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How to Live to be 100

Apr 30, 2015 04:05 PM EDT

(Photo : beeandbee / Fotolia)

It seems a pretty common wish want to live forever - or at least live a long life. Well, now new research is giving out lifestyle advice on how to live to be at least 100 years old.

For the past 50 years, researchers at Sahlgrenska Academy have followed the health of 855 Gothenburg men born in 1913. Now at the end of the study, it turns out that 10 of the subjects lived to be 100, and researchers are giving away some of the secrets to their longevity.

A total of 27 percent (232) of the original group lived to the age of 80 and 13 percent (111) to 90. All in all, 1.1 percent of the subjects made it to their 100th birthday.

According to the study, 42 percent of deaths after the age of 80 were due to cardiovascular disease, 20 percent to infectious diseases, 8 percent to stroke, 8 percent to cancer, 6 percent to pneumonia and 16 percent to other causes.

A total of 23 percent of the over-80 group were diagnosed with some type of dementia.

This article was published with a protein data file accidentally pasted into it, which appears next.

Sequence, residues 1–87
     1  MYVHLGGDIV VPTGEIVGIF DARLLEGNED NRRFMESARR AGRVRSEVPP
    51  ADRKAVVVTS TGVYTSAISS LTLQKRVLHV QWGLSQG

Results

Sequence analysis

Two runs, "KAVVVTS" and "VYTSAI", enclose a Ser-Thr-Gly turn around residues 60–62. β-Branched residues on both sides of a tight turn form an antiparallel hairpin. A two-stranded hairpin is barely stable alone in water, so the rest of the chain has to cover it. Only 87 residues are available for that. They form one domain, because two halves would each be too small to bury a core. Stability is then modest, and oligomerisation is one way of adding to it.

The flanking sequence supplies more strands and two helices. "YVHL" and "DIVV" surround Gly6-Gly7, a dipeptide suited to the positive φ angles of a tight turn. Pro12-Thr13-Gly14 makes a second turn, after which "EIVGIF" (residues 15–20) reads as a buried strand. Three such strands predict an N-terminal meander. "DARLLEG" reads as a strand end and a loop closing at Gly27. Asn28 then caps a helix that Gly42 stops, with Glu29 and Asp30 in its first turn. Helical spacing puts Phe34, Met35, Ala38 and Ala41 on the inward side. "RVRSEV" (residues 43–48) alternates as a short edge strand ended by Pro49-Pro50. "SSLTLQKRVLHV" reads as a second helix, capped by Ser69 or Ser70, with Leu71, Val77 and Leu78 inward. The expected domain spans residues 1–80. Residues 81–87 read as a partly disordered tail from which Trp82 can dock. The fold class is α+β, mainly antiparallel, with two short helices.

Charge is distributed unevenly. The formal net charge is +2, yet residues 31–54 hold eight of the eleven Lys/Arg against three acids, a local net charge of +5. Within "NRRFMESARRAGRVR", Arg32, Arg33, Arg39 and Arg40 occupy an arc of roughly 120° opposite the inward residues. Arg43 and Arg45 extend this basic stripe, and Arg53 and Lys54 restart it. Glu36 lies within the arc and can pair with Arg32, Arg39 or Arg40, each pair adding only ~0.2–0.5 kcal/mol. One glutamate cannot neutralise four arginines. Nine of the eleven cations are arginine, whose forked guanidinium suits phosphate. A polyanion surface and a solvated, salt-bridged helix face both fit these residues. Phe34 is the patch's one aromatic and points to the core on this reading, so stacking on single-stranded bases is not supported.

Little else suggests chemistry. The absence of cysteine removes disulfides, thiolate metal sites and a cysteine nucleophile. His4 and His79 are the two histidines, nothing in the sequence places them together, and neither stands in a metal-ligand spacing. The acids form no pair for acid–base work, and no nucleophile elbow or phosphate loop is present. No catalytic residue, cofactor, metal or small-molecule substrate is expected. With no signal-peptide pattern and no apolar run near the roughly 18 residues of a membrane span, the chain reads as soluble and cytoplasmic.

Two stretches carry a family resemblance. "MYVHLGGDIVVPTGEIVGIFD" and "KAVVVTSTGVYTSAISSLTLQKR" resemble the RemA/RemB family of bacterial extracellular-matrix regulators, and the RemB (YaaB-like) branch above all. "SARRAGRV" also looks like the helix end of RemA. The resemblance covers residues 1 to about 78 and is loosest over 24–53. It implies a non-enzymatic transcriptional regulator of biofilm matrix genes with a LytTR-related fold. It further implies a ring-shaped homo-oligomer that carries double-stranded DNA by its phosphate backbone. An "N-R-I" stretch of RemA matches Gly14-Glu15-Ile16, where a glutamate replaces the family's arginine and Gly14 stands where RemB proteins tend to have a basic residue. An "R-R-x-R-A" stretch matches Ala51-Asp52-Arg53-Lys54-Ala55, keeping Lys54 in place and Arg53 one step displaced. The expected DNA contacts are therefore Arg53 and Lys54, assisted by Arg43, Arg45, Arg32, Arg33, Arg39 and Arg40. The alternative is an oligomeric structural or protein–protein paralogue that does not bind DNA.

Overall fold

Throughout the study, the team conducted surveys at the age of 54, 60, 65, 75, 80 and 100, allowing them to determine which factors appear to promote longevity.

"The unique design has enabled us to identify the factors that influence survival after the age of 50," Lars Wilhelmsen, who has been involved in the study for the past 50 years, said in a statement. "Our recommendation for people who aspire to centernarianism is to refrain from smoking, maintain healthy cholesterol levels and confine themselves to four cups of coffee a day."

In addition, those with a good socio-economic standard, who enjoy a robust working capacity, and have a mother who lived for a long time are more likely to live longer.

"Our findings that there is a correlation with maternal but not paternal longevity are fully consistent with previous studies," Wilhelmsen added.

However, researchers note that this "genetic factor" was weaker than the other factors, and so may not play as important a role in longevity compared to other factors.

Also, all of the participants that completed the study and lived to be 100 wore hearing aids and glasses, were able to read and watch TV, had good postures and used walkers, as well as exhibited good temporal and spatial cognition.

So if you want to live to see your 100th birthday, take notes from these centenarians because they seem to know the answer.

The results are described in the Scandinavian Cardiovascular Journal.

For more great nature science stories and general news, please visit our sister site, Headlines and Global News (HNGN).

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